Happy 2014, Ken and fellow followers!!

  4. Hi Argyle
    When it comes to Woody Allen, I definitely think one's response to his films can be fueled by when one sees them. I'm certain my initial enjoyment of "Manhattan Murder Mystery" was rooted in how how tired I was at the time of Woody "the artist," and the low expectation I had that he could ever be funny again. Looking at it today, I am amazed by how breezy and effortless it feels. Sure, it's inconsequential, but if I could whisper anything into Mr. Allen's ear, I'd say inconsequential is for him like baby bear's bed was to Goldilocks...just right.

    I suspect I might share some aspect of that thing you describe about being drawn to an artist after their overreaching second effort, but the one thing i do know, it's a tiresome show business cycle that has the "entertainer" longing to be "the artist". Both Madonna and Lady Gaga were a lot more palatable before they grew tired of entertaining people and started to see themselves as artists. I have the same feeling for Allen. It's a natural evolution among creative types, but that doesn't make it less annoying.

    Like you, I was baffled that "Midnight in Paris" was one of his biggest hits. It seemed like a "best of" reel of Woody Allen schtick to me.
    But all of this points to what is so fascinating about his films; even his devoted fans are divided on what they consider to be his best stuff. I don't even have a great familiarity with Russian literature, but "Love and Death" just makes me laugh from beginning to end.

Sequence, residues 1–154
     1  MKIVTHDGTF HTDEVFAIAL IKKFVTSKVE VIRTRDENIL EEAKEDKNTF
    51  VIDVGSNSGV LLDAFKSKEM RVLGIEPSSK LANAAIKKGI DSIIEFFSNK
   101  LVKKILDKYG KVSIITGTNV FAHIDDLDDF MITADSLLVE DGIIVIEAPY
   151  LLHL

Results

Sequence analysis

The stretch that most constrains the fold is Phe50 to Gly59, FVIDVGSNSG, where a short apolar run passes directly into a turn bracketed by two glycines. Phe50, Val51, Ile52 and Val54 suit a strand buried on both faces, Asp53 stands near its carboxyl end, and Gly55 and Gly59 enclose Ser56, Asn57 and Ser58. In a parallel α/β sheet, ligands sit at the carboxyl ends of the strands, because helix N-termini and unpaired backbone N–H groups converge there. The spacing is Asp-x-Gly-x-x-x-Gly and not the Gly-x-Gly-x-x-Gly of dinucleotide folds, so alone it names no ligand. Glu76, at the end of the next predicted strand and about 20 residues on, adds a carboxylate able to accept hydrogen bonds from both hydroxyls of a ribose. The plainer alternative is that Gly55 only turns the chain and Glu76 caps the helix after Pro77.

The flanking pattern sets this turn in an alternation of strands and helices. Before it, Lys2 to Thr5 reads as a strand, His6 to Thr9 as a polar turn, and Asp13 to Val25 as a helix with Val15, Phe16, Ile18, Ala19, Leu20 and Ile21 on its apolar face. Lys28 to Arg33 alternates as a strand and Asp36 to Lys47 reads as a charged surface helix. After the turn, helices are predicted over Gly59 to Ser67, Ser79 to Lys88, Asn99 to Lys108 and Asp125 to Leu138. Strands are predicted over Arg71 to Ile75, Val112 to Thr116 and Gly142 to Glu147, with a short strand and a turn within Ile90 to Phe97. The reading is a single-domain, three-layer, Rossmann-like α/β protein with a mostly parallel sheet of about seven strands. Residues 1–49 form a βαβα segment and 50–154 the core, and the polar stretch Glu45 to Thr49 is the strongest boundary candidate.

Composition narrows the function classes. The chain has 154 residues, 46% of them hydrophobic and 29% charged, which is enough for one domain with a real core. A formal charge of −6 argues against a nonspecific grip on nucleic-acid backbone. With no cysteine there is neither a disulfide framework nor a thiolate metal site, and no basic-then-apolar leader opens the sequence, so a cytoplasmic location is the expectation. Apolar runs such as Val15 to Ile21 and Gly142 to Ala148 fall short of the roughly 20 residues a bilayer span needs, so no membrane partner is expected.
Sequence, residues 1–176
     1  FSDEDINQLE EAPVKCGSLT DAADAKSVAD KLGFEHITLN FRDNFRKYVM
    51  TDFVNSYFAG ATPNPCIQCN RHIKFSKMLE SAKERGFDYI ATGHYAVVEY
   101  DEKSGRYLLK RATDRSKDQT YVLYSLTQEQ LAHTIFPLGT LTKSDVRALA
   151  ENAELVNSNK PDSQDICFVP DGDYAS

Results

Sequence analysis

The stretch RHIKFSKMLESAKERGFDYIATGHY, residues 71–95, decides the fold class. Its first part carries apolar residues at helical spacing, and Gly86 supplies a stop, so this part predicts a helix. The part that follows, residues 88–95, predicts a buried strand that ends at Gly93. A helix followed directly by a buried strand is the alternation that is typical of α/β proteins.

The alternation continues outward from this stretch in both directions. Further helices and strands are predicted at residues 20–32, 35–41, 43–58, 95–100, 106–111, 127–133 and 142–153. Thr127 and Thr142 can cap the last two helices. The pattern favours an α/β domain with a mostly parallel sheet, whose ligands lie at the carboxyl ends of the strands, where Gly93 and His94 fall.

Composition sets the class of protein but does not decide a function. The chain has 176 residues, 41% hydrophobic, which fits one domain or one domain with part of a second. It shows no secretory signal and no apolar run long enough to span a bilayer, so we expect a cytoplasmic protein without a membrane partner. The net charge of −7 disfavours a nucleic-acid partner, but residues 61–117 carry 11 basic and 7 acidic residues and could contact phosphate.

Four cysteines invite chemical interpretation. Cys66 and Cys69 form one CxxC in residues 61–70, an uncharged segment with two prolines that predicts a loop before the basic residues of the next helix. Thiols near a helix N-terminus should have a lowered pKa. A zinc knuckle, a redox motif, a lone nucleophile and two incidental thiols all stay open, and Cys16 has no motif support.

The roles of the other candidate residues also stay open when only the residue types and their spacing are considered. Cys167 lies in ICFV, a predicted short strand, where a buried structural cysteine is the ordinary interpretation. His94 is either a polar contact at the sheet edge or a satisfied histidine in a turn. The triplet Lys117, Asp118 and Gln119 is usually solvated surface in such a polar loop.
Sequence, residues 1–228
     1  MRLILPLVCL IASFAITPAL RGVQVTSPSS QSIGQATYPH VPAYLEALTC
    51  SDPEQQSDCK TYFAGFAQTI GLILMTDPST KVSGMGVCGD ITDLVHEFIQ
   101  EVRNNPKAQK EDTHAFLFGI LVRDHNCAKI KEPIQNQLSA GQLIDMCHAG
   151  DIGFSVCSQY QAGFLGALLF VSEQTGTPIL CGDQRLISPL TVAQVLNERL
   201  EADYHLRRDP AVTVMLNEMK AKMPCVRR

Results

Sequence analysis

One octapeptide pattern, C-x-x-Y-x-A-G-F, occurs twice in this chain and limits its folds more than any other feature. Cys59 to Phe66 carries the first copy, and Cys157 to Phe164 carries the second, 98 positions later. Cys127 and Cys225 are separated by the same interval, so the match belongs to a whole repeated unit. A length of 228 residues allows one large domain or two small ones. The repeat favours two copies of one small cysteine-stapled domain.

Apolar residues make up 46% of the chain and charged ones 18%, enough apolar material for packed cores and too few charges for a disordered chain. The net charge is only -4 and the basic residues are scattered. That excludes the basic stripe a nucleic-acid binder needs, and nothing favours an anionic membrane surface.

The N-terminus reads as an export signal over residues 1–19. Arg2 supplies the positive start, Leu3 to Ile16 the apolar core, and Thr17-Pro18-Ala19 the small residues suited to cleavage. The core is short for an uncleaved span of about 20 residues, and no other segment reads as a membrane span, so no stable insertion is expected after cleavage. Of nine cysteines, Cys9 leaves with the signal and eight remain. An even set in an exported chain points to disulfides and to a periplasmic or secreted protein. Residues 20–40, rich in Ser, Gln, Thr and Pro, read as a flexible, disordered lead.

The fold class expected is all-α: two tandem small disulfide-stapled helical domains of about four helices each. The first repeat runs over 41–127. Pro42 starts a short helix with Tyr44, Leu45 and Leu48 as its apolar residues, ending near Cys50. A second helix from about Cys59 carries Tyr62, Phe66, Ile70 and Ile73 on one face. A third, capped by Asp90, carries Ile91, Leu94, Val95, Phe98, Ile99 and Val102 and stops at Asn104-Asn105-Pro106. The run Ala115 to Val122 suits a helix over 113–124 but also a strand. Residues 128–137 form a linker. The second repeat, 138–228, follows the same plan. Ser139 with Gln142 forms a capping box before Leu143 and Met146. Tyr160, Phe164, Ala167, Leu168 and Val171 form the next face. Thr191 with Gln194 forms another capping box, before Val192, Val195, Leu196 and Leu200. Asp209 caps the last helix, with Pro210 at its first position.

Loved your description of how "The Purple Rose of Cairo" is received. Honestly, have you ever sat with film enthusiasts and talked about Woody Allen movies? I have, and I tell you, the potential for pretentiousness unleavened by irony rivals a Woody Allen film itself.
    I have never seen "Wings of Desire" but have always wondered if it's as good as its stills make it look.
    Favorite parts of your comment: you had good things to say about both "Deconstructing Harry" and "Stardust Memories." Because they stick in my mind as films I didn't enjoy, your mentioning them makes me want to give them another look-see. it's been ages!
    Good to hear from you Argyle, and a Happy 2014 to you! You've been a longstanding loyal reader and I thank you.

  5. You didn't like Bobby Short?


    1. Hey Thom
      I've always admired him as a person, but his singing voice was just never really my taste.

  6. Like many of us, I first heard him here...